Date of Award


Document Type


Degree Name

Master of Science in Psychology



First Reader/Committee Chair

Agars, Mark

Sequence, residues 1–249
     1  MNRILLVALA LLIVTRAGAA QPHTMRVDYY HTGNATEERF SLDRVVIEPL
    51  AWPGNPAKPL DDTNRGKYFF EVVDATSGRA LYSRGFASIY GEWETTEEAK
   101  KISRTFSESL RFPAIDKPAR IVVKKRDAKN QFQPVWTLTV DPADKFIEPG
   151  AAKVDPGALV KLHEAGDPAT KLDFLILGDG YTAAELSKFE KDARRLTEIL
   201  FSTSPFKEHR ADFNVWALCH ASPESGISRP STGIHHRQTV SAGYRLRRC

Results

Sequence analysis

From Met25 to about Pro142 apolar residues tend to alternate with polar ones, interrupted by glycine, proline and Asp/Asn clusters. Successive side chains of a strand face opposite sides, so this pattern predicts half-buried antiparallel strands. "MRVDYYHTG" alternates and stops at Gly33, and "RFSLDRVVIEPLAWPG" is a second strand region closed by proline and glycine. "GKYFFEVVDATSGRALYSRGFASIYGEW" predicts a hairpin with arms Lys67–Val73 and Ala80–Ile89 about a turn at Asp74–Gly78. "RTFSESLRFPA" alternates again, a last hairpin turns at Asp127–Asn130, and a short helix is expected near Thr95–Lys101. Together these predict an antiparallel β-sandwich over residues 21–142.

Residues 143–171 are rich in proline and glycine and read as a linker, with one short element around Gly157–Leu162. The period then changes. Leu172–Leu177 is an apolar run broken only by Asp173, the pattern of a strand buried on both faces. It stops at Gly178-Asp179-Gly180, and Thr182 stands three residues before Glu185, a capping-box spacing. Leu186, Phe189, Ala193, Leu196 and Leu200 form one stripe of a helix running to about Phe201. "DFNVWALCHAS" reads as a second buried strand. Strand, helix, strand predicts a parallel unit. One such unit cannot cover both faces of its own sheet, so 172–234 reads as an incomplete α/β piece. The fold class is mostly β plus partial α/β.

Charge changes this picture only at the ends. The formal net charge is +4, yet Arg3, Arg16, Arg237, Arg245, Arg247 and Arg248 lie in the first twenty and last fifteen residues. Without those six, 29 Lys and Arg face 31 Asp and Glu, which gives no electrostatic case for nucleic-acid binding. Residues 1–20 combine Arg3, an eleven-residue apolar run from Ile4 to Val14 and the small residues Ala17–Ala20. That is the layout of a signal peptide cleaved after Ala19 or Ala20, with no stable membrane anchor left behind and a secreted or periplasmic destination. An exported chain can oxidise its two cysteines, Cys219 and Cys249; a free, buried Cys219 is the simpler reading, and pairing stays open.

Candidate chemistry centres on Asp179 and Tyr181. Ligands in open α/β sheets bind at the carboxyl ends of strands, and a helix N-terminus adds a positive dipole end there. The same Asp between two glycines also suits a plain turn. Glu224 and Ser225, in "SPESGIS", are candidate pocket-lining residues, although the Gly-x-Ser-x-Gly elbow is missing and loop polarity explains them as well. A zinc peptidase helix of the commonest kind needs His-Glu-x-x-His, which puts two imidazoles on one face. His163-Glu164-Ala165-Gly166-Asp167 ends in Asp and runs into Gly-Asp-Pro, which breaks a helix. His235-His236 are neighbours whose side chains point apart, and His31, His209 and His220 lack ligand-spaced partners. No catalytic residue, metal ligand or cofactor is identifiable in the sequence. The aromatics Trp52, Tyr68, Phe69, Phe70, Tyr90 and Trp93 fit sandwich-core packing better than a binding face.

Low wage workers are faced with unique challenges such as shift work, scheduling conflicts, and increased job demands, all of which have the capacity to prevent work and family balance. Recently, supportive supervisors and flexible work arrangements have been suggested as essential to mitigating negative work family outcomes. Due to the underrepresentation of low wage workers in the literature, however, the nature of these relationships in the context of low wage work remains unclear. The present study examined the relationship between family-supportive supervisor behaviors (FSSB) and work family conflict and enrichment as mediated by flexibility characteristics. The sample consisted of 104 supervisor-subordinate pairs working in various retail and fast food industries. Structural equation modeling was used to analyze the hypothesized relationships, and although flexibility characteristics were not found to mediate the relationship between FSSB and work family outcomes, the overall model was supported. Results suggest that flexibility characteristics have a significant impact on work family conflict for low wage workers. Implications and directions for future research are discussed.